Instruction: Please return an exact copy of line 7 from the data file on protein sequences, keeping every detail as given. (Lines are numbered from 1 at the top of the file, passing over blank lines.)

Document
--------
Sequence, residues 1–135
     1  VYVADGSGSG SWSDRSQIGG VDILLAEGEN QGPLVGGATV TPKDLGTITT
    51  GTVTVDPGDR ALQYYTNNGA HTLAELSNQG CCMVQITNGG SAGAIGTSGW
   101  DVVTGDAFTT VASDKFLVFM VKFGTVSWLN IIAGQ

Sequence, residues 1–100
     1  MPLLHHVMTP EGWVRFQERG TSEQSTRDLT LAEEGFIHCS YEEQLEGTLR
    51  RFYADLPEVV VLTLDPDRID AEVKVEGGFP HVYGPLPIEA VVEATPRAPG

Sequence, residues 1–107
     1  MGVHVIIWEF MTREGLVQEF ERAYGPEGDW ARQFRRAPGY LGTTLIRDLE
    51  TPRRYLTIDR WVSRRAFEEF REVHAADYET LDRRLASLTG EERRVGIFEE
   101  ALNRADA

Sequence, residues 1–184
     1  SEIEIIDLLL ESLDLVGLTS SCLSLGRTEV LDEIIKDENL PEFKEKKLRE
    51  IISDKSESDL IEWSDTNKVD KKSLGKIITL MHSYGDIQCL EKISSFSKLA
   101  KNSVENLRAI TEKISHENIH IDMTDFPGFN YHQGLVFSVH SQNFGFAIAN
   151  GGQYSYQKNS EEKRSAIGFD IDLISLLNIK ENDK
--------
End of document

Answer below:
    51  RFYADLPEVV VLTLDPDRID AEVKVEGGFP HVYGPLPIEA VVEATPRAPG